June 28, 2016 § Leave a comment
Have you ever watched the move My Summer In Provence? Every scene that involves a meal has a bottle of Rosé. It makes perfect sense because Rosé can be incredibly refreshing and wonderfully versatile. In fact Rosé goes with a broader spectrum of foods than does white (I know I know I am generalizing). So when the temperature rises to above 20C and the grass starts to bleach out, I get a craving for rosé.
As I strolled through my local wine shop I saw a signficant increase in the number of rosés from Provence, which is classic. Prices ranged from $15-$25 which is what I expected, but then I say a lonely wine from Gascogne. Not your typical rosé hotbed and you know how I love to find great values where they are unexpected, so I grabbed a bottle of the Domaine de Pellehaut 2015 Rosé.
Price ~ $18.99
Score ~ 8.1 Over Delivers
If you follow me on Instagram (rod_phillips) you no doubt saw the photo I took of the wine. The colour is a deep rose, and the nose shows bright fruit of strawberry, raspberry. and currants, while the palate is fresh, alive and bursting with finesse and elegance. The finish shows all the fruit and is dry. It is not possible to not want more of this wine, as evidenced by my instagram photo. This is a highly shareable wine and my recommendation would be to have 6-10 bottles kicking around for when friends drop by as one will not be enough.
Grapes ~ I had to do some research for this one as the label doesn’t really tell you anything. Tannat, Syrah, Merlot, Cabernet Sauvignon & Malbec
Store Section ~ France
Availability ~ Private Stores only
June 26, 2016 § Leave a comment
You know that part of the store that you walk past each time. Typically it is the dark corner where the dust bunnies hold their daily get togethers. This is where retailers categories that have the lowest sales, but have enough sales to justify being in the store.
I often have walked right by the section but the other day I stopped. I’m not sure why. Maybe I was feeling what it was feeling- I just need some love. Maybe the dusty bunny chatter was getting loud and it caught my attention. Anyway I stopped, looked and found the next wine that I had to buy.
When you think of Italian, French or Spanish wines you likely conjure up visions of rich colours, sensous landscapes and, of course, a couple of little old wizened folk that make the vision complete.
But what of Bulgaria? If you are like me you are likely thinking of row upon row of drab gray concrete Soviet era buildings, with downtrodden colourless people strolling the pock marked, beaten up streets. Hardly inspires confidence or enthusiasm for the wine, but this is exactly where you find great buys; where they are unexpected.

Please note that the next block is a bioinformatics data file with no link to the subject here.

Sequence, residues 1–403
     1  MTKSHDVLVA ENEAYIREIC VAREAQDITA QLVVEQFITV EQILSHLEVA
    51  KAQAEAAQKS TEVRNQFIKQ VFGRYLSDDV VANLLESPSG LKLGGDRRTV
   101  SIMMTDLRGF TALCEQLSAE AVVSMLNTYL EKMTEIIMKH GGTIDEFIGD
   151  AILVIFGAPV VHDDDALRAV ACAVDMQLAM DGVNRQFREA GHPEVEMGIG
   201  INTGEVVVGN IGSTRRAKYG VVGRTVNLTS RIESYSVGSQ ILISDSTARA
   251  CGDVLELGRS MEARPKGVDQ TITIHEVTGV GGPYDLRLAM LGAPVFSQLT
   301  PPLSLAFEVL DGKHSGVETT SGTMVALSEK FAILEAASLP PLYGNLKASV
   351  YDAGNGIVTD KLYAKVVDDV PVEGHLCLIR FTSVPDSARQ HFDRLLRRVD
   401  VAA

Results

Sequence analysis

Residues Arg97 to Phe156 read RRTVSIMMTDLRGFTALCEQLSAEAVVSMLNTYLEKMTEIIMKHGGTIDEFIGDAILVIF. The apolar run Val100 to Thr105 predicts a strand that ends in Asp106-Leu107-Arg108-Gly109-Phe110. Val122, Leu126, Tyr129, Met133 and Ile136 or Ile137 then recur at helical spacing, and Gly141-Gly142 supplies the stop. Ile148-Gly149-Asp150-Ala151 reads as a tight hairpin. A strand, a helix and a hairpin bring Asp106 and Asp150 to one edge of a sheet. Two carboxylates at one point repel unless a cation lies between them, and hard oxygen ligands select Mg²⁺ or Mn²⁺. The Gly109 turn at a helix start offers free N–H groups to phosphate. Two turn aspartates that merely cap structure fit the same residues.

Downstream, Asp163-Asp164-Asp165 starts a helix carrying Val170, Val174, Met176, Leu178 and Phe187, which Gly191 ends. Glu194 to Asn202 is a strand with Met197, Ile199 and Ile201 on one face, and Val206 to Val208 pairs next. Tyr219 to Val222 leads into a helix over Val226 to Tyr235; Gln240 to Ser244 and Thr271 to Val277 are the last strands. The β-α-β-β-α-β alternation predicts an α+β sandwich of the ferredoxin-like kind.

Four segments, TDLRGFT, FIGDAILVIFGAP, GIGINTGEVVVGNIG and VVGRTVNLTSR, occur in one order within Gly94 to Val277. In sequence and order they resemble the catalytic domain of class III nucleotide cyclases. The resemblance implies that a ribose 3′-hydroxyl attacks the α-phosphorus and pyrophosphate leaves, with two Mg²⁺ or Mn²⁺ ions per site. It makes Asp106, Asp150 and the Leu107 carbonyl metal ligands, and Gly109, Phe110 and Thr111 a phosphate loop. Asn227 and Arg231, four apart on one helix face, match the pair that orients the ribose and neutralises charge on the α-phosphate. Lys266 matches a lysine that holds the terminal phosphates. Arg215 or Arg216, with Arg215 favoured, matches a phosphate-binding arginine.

I reached out and firmly grasped the Lovico Gamza by the neck, wiped off the dust, and proudly presented it to the cashier who immediately tried to sell on an Aussie wine. Nope! I’m going Gamza!
Price ~ $9.99
Score ~ 7.8 Over Delivers
I have to say I really got into this wine. I pulled the cork and did my first taste and I thought “funky”, so I let it breathe for 20-30 minutes. Yes a $10 wine that needs to breathe.
When I can back to it the aromas had blossomed and were so intriguing. One would be forgiven if you thought Cabernet Franc. No wait, it must be Pinot. No, no there is too much spice, maybe Gamay Noir. Wow what is Gamza!
Gamza, it turns out, is related to that other household name, Kadarka. When I taste it I can’t believe that its not the distant cousin of Pinot Noir, Gamay Noir and Cabernet Franc.
Aromas of crushed red berries, cherry and grapes, with spice and pomegranate. The palate is light to medium bodied, hence I wouldn’t suggest those that buy $10 Malbecs run out and get this. Yet there are some many interesting things going on in this wine.
I gotta say that for under $10 the Lovico Gaza was a great find and one that I will definitely seek out again.
Grapes ~ Gamza
Store Section ~ Eastern Europe
Availability ~ most private and public stores.
June 24, 2016 § Leave a comment
Wow! I don’t know about you but I was surprised and quite disappointed that the UK has voted last night to leave the European Union. There are lots of arguments on both sides but my disappointment lies in the inevitable increases in the prices of wine, beer, spirits and ciders; and yes I include locally produced products as well.